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The Nifty 250: News of the day in so many words

<b>Monday Nov 9:</b> LDL to go out to tender, mobile phone drivers fined £1.2m, social service sickness rates soar and houses left to rot

Published on November 9th 2009.

LEGAL EXPERTS HAVE RULED that Liverpool City Council’s controversial £78m-a-year IT deal with BT must not be extended any further and other companies should be given the chance to bid for the huge deal.

The joint venture Liverpool Direct Limited was set up in 2001 and was intended to last until 2012. But three years ago the contract was extended to run up to 2017.

The city council has now spent more than £223,000 with consultants investigating the LDL contract. Now the council will not be able to extend it again and must put it out to tender.

Under the current terms, the council can pull the plug in 2012, but it could have to pay BT as much as £20m to do so.

Although the chief executive of LDL, David McElhinney, is still employed by the city council his contract states that he must work in the “best interests” of LDL.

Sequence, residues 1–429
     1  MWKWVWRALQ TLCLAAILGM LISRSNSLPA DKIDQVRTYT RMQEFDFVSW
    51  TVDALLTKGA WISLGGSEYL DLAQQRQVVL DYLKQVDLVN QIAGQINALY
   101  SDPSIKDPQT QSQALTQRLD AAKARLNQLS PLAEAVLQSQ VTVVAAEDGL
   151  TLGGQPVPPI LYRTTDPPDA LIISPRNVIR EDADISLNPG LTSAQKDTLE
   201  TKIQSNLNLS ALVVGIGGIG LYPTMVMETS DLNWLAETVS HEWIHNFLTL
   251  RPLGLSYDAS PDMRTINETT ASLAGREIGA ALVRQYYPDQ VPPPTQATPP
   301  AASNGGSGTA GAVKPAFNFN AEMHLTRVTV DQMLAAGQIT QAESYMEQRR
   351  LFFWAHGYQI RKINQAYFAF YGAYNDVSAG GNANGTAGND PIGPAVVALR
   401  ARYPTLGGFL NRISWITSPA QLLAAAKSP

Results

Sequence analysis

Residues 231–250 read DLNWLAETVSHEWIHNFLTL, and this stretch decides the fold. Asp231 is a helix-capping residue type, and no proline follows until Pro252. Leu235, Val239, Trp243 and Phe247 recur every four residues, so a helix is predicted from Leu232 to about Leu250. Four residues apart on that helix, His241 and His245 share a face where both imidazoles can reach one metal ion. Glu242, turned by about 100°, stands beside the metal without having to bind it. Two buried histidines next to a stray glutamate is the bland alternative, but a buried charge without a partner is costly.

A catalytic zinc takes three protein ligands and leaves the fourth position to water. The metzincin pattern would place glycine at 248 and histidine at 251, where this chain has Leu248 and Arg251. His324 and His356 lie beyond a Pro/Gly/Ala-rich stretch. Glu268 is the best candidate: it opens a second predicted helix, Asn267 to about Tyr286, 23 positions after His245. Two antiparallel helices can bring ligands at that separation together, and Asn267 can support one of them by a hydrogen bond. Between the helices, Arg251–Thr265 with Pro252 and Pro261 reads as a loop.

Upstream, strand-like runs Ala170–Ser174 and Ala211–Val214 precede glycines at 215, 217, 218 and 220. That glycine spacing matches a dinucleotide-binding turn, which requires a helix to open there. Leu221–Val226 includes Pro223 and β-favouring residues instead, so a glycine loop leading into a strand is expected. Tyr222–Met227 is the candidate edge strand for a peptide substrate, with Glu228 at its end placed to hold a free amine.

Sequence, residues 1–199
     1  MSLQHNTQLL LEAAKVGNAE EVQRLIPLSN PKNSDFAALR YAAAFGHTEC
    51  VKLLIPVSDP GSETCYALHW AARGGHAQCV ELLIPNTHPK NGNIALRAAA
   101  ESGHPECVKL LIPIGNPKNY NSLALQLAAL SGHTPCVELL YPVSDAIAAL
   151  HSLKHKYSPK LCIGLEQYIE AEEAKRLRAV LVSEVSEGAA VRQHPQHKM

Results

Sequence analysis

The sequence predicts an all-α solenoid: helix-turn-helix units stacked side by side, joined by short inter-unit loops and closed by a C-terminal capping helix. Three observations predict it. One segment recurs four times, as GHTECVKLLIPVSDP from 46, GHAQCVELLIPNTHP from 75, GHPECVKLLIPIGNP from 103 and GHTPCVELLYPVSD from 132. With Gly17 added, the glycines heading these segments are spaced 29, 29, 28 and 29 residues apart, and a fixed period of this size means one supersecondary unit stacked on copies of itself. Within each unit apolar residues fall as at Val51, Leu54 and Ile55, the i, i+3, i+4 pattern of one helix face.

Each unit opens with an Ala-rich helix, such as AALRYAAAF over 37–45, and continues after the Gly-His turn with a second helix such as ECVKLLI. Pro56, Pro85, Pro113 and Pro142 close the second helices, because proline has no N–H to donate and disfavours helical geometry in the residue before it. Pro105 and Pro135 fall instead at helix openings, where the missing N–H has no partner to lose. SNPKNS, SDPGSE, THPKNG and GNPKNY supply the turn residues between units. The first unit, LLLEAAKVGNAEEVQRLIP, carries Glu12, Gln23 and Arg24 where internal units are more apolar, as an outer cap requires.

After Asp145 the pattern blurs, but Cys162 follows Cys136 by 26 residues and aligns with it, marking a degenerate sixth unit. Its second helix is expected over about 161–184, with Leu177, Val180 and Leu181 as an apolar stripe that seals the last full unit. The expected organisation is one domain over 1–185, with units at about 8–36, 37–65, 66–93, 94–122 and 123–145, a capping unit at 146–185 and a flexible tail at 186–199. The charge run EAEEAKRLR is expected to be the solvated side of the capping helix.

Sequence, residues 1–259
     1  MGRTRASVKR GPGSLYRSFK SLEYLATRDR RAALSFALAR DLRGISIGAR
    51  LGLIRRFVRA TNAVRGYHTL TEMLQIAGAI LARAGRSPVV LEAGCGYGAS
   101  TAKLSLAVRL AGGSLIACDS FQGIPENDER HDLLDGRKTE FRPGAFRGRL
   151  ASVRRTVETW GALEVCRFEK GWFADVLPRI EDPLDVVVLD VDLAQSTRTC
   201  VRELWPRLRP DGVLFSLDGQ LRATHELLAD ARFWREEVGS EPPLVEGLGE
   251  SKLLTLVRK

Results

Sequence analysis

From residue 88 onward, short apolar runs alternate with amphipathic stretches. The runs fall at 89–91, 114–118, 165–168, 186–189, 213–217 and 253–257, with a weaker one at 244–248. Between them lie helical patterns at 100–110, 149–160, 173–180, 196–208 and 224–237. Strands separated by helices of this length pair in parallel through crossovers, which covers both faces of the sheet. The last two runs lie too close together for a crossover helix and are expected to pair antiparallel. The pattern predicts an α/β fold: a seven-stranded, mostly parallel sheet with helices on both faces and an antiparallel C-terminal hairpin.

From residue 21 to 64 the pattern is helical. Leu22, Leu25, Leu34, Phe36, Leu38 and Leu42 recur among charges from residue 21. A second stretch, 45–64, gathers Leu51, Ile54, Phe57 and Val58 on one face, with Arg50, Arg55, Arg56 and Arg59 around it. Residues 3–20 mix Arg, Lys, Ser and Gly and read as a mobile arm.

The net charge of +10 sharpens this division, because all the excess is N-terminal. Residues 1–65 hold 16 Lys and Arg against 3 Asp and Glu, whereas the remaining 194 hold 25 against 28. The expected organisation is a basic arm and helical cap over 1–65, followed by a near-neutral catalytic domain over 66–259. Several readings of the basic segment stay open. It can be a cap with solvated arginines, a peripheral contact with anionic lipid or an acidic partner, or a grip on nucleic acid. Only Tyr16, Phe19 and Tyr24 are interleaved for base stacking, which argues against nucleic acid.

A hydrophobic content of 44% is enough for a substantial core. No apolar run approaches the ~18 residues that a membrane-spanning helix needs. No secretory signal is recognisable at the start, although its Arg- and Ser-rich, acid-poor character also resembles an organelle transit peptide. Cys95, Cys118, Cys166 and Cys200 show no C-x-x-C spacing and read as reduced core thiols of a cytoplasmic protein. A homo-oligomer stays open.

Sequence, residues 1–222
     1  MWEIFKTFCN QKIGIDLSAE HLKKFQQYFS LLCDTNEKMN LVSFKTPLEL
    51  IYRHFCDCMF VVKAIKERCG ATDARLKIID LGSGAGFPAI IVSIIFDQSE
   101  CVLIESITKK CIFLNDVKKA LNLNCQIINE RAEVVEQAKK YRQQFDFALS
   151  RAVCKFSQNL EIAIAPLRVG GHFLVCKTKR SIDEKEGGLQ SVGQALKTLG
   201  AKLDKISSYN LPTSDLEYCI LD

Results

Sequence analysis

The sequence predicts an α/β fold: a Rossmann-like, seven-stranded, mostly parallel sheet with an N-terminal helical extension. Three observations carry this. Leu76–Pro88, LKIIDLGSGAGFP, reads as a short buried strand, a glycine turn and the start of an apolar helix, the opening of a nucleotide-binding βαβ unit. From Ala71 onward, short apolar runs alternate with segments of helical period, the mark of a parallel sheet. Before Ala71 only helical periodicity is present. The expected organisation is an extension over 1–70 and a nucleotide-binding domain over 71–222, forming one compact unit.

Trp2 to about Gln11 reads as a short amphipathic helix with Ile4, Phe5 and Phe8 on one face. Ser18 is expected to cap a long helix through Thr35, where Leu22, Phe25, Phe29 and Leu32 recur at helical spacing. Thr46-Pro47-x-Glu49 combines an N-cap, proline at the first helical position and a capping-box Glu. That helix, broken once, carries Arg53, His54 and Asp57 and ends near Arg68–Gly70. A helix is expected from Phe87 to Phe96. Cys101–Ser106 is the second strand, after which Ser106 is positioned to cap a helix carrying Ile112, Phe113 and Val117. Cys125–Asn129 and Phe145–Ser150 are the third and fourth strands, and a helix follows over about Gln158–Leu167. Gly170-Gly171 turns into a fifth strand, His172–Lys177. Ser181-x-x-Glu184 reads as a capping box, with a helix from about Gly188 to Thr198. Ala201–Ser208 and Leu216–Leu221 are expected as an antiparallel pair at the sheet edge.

MERSEYSIDE MOTORISTS WERE FINED £1.2m for using their mobile phones while driving in the past year. Police ticketed more than 20,000 drivers for using handheld mobiles while in charge of their vehicles between April last year and September this year. A driving instructor was among those fined. City leaders and police authority members have said the figure is just “the tip of the iceberg”, with the real number being much higher.

STAFF SICKNESS COST SOCIAL SERVICES 78 YEARS in nine months. Staff sickness totaled 28,727 days off between January and September according to a Freedom of Information request submitted to Liverpool City Council. It works out each member of staff has had off 12.7 days compared to the North-West public sector average of 10.7 days.

COUNCIL LEADERS ARE REFUSING to use laws to tackle Liverpool’s rising number of houses left to rot by private landlords. The dwelling management orders have been branded “expensive and cumbersome” by Liverpool City Council, despite there being 14,459 empty homes.

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AnonymousNovember 9th 2009.

Liverpool Direct became known to many at Liverpool’s Great Wall of Silence. While it boasts winning loads of awards and offering a 24-hour service, it has effectively acted as barier between citizens and the public servants who they pay to run the city. No longer can you call a council officer, all calls are filtered through Liverpool Direct and those people seem to use a set of pre-written answers.

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